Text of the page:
The importance of trademark clearance and brand protection grows alongside expansion of trademark filings
A recent Special Focus article in the World Trademark Review Yearbook 2017/18 underscored that the rise in trademark applications is making it more difficult for brand owners to register new marks that are “unique, meaningful and do not purportedly pose a risk of confusion with other brands.”
But equally, as the author Dyan Finguerra-DuCharme, a partner at law firm Pryor Cashman, points out, this increase — between 6-8% globally over the last two years — also highlights the importance of carefully protecting existing trademark portfolios by monitoring applications for marks that are potentially confusingly similar marks. By doing so, brand stewards can pre-empt or minimize the risk of infringements and potential weakening of a brand. Trademark registration is just the beginning. Once a mark is registered, many brands believe that the process is over. The first sign that a competing brand is impacting a business is oftentimes the appearance of the mark in advertising campaigns. This is too late to limit the damage, including customer confusion and the potentially high costs of litigation.
If an appropriate trademark watch service is in place, brand owners are notified when applications are filed for similar marks. This enables brand owners to act quickly (and without too much financial outlay) by requesting that the offending party stop using the conflicting mark. If this doesn’t do the trick, the owner can then follow this up with a notice of opposition or negotiate a coexistence agreement. In other words, they can nip a competitor’s intentions in the bud before too much expensive damage has been done.
Take the case of a popular UK-based comedy club chain, which later fell into trademark complications after a hit TV show with the same name launched. People soon thought the comedy chain and the TV show were related, and so many people stopped attending the clubs. However, because the comedy chain had already secured the trademark for its name, it took the case to court citing brand infringement, and the court sided in its favor. If the large broadcast company that owned the TV show had performed an availability search before launching it, it would have yielded the comedy club’s trademark, which could have saved the company the time, effort and money needed to deal with the opposition and ultimately re-brand its product. Likewise, the comedy club could also have picked up the potential infringement in the application process with a trademark watch.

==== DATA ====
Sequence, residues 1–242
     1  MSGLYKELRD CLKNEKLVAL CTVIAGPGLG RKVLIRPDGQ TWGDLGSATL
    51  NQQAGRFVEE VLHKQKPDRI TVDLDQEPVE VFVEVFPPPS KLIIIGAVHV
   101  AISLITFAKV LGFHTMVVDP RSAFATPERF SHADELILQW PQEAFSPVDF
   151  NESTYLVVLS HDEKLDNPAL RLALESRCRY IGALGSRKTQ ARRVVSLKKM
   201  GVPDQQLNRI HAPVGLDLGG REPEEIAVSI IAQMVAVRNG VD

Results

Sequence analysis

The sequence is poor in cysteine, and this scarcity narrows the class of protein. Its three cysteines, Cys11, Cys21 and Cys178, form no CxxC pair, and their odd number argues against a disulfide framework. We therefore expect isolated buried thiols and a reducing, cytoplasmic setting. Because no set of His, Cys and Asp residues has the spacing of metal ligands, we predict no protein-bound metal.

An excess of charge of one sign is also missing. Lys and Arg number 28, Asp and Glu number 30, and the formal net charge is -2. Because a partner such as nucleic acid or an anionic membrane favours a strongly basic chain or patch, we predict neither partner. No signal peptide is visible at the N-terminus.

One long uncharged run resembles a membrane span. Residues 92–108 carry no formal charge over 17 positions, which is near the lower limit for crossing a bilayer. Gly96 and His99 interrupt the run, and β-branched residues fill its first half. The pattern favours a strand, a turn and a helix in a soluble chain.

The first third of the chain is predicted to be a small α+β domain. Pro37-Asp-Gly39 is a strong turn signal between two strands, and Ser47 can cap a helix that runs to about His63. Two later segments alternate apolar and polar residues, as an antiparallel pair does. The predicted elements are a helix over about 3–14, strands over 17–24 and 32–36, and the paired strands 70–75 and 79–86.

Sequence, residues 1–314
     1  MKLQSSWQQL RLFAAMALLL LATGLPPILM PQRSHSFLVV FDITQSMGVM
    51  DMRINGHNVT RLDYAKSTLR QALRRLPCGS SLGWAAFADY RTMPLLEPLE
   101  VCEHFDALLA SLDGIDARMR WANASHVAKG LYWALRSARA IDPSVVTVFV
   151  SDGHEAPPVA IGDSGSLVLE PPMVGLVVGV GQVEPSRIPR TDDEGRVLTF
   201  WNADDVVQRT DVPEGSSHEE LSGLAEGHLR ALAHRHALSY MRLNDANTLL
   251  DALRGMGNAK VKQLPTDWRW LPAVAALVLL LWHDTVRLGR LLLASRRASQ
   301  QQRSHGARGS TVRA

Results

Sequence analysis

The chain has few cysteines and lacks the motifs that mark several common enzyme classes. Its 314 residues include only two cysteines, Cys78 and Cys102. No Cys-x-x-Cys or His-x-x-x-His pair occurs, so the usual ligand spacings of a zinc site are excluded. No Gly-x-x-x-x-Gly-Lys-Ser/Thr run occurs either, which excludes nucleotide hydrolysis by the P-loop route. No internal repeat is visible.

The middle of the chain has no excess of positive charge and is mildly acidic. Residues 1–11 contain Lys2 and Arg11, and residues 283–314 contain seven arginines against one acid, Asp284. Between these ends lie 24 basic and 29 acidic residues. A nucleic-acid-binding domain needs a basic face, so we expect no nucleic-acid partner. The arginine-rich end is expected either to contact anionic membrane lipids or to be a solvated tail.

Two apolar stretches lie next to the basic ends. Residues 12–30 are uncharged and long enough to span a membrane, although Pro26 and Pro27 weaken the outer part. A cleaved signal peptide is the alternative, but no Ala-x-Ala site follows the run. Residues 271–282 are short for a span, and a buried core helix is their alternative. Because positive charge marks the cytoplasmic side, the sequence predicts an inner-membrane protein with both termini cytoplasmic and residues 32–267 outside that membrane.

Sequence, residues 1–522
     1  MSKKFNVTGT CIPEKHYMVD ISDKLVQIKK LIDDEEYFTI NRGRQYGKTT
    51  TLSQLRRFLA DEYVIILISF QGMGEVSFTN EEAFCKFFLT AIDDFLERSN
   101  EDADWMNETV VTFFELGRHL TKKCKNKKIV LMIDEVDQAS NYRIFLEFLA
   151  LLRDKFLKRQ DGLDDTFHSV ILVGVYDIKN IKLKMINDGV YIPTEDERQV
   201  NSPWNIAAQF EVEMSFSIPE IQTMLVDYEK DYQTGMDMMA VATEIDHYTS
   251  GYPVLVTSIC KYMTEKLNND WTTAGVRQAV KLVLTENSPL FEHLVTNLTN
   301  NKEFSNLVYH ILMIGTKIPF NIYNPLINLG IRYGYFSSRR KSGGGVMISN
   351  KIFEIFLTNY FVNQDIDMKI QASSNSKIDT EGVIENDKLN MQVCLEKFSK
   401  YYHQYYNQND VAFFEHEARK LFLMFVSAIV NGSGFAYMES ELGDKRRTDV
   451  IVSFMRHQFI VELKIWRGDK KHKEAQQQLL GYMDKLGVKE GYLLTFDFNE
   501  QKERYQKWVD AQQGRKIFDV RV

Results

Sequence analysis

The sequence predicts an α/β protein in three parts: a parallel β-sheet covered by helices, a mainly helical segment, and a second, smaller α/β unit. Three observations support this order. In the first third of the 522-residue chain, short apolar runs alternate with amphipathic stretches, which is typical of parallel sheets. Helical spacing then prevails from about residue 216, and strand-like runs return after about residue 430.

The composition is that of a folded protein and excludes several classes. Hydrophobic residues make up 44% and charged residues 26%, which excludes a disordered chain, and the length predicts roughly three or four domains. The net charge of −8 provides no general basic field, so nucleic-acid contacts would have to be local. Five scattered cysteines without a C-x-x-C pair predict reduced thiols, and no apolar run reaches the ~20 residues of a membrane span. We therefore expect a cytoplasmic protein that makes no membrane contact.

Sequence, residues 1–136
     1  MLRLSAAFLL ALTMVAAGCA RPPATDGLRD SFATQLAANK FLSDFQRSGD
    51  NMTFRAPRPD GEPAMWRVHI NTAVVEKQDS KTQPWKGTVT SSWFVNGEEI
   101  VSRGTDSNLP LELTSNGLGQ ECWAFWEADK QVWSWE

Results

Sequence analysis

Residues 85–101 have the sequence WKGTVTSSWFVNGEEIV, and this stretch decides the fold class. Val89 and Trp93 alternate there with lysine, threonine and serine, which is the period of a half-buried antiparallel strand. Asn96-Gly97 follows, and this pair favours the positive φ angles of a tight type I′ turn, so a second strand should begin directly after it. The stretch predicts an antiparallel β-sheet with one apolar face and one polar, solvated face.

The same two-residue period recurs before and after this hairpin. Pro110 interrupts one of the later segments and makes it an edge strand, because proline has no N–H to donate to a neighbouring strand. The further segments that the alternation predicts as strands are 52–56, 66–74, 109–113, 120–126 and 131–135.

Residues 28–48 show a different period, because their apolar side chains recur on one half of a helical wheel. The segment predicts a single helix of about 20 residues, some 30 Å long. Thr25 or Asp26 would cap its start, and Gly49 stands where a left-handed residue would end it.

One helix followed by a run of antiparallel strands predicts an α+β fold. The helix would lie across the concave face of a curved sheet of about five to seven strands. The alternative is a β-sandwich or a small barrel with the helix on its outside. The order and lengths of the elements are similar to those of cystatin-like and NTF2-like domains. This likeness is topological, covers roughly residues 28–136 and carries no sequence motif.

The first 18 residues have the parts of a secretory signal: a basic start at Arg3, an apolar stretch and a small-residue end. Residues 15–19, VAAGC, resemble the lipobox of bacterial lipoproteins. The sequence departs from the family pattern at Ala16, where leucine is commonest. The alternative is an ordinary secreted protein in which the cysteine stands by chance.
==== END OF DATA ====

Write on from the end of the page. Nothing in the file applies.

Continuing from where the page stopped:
This all sounds like common sense. However, Finguerra-DuCharme illustrates the resistance to paying for clearance searches and protection. “What I find most challenging,” she writes, “is convincing the business division (rather than the in-house counsel) of the risk if they adopt a particular mark.”
She cites a particular case where the business group tried to convince her that there was ‘no way’ that the current mark holder would sue them. Eventually, they took her advice and that of their in-house attorney and went with a back-up name. A few weeks later, a national newspaper reported that the mark owner had recently sued a major competitor for the use of a similar mark indicating Finguerra-DuCharme’s client avoided a potentially challenging situation.
As this example shows, it never pays to underestimate the risk. The dual approach of proper, professional searches followed by watch services can ultimately save brands significant costs in the long-term, providing a quick and effective way of protecting trademarks without resorting to expensive litigation.